70th Anniversary of Moose River Mine Collapse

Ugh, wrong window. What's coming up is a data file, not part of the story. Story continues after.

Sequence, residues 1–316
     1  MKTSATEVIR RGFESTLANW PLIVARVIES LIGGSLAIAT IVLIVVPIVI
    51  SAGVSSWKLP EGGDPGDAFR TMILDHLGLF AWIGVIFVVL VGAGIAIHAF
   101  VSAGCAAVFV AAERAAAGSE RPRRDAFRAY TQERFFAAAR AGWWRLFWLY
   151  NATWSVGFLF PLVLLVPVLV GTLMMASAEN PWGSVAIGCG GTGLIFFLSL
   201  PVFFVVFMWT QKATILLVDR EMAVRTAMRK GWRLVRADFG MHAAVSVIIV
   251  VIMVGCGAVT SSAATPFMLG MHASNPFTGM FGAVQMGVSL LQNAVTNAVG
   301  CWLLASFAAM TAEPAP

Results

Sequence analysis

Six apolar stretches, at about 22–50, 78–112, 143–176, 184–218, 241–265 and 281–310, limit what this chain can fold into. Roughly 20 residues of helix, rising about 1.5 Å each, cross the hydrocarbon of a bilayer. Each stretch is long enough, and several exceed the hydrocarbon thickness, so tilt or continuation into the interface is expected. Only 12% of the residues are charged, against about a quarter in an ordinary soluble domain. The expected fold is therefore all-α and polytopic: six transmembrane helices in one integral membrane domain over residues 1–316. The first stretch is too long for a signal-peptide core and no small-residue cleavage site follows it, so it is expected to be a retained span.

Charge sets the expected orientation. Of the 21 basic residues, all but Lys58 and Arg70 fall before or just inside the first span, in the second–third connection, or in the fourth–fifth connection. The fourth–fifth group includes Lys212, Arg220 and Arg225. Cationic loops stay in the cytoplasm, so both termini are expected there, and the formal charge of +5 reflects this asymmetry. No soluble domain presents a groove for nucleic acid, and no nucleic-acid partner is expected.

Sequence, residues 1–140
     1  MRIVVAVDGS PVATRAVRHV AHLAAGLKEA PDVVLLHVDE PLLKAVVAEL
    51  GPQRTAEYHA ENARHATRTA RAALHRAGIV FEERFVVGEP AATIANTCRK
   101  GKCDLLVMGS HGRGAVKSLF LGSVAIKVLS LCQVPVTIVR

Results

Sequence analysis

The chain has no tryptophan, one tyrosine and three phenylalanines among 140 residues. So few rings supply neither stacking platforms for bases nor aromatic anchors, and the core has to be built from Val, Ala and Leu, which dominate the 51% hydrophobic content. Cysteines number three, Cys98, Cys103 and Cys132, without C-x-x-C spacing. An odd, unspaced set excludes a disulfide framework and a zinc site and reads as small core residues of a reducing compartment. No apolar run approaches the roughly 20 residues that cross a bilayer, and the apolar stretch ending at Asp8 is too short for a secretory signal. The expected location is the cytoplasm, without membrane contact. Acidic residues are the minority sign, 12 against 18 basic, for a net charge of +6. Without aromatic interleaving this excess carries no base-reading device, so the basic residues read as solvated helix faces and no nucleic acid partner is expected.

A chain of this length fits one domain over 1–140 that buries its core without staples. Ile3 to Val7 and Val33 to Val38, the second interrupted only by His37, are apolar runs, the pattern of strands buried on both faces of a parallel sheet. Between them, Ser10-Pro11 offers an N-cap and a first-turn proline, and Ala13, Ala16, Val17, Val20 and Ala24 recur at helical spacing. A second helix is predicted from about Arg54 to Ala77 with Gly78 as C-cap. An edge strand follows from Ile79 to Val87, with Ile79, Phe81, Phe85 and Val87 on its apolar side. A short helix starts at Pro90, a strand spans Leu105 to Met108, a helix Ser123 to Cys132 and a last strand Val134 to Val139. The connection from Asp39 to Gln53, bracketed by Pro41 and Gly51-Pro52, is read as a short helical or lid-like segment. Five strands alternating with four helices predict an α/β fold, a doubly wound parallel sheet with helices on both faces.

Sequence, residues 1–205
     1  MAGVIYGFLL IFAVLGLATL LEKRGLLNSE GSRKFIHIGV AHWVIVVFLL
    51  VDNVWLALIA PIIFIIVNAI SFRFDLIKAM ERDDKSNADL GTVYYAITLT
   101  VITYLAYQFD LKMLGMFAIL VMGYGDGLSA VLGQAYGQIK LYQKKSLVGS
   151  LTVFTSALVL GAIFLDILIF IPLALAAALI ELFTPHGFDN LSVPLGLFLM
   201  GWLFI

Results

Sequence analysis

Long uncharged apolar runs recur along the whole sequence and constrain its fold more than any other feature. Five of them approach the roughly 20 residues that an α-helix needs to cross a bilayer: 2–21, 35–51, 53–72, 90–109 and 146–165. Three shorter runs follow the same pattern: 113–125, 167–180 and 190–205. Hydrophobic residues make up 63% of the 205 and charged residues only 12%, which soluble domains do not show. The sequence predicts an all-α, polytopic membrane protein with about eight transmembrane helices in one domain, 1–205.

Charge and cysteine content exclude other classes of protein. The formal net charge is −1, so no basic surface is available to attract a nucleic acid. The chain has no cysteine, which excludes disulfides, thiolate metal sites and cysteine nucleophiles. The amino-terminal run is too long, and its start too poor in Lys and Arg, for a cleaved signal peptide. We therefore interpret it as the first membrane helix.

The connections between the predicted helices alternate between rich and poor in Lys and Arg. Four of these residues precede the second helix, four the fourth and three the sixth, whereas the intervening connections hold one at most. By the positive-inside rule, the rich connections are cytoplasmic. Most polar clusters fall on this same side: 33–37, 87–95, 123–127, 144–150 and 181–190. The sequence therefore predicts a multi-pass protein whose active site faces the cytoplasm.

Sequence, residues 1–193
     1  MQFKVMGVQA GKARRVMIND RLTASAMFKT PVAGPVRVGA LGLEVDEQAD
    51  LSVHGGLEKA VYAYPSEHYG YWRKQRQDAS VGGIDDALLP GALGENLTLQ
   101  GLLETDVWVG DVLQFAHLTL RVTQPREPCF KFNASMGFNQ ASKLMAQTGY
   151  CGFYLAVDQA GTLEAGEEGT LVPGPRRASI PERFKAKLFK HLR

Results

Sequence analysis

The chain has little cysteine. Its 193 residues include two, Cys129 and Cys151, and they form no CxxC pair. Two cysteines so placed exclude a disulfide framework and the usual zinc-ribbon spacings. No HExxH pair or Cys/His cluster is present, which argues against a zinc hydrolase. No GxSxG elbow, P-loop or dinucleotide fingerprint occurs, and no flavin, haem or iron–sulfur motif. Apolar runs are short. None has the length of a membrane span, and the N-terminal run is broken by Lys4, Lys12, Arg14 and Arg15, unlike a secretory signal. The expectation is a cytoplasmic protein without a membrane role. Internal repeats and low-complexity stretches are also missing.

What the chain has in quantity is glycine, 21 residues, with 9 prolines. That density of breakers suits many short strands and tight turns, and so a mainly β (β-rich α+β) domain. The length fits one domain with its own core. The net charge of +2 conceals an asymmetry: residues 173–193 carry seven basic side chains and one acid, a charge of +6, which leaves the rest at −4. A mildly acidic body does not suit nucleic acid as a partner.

first_img The trapped men were lawyer Herman Magill and Dr. David Robertson, both of Toronto, and the mine timekeeper, Alf Scadding. Within minutes of the cave-in, men from the community arrived at the scene and immediately began rescue operations. They were soon joined by miners from nearby Caribou Gold Mines and within days several hundred men, some from as far away as Ontario, had answered the call for, “single men with guts.” Women in the community worked day and night to feed the rescuers and provide places for them to stay. After six grueling days of rescue efforts there was still no sign of survivors. Just when officials were about to abandon the rescue work, a government diamond drill reached the 43 metre level and contact was made with the three men. Sadly, Herman Magill died hours later of pneumonia, before the men could be brought to the surface. It would take another four days to rescue Dr. Robertson and Mr. Scadding, who were brought to the surface just after midnight on April 23 amid wild cheers from fellow miners. Today, the Moose River Gold Mines Museum tells the story of the daring rescue. Open during the summer, the museum offers a collection of gold mining artifacts and a vivid account of the area’s rich gold mining history. The museum is located at the Moose River Gold Mines provincial park, just off the Mooseland Road between Tangier and Elmsdale. Men near rescue; Magill has perished Climax nears in race with death Rescue work races madly to finish Men fight mounting odds Men are rescued; miners sing hymn Thank God they live Seventy years ago radio and newspaper audiences around the world were captivated by the drama of a mining disaster in Moose River Gold Mines, Halifax County. On April 12, 1936, three men were trapped 43 metres below the surface when a tunnel caved in. Their rescue was headline news on more than 700 radio stations across Canada, the United States and England. Reporters rushed to the site to provide the first live radio news coverage in Canada. To get the signal out, they strung wire along the ground, up into trees, and eventually tied in to the telegraph lines of the Canadian Pacific Railway. J. Frank Willis of the Canadian Radio Broadcasting Company (later the CBC) set a record for consecutive live broadcasts from one location. Some of the newspaper headlines captured the drama, proclaiming:last_img

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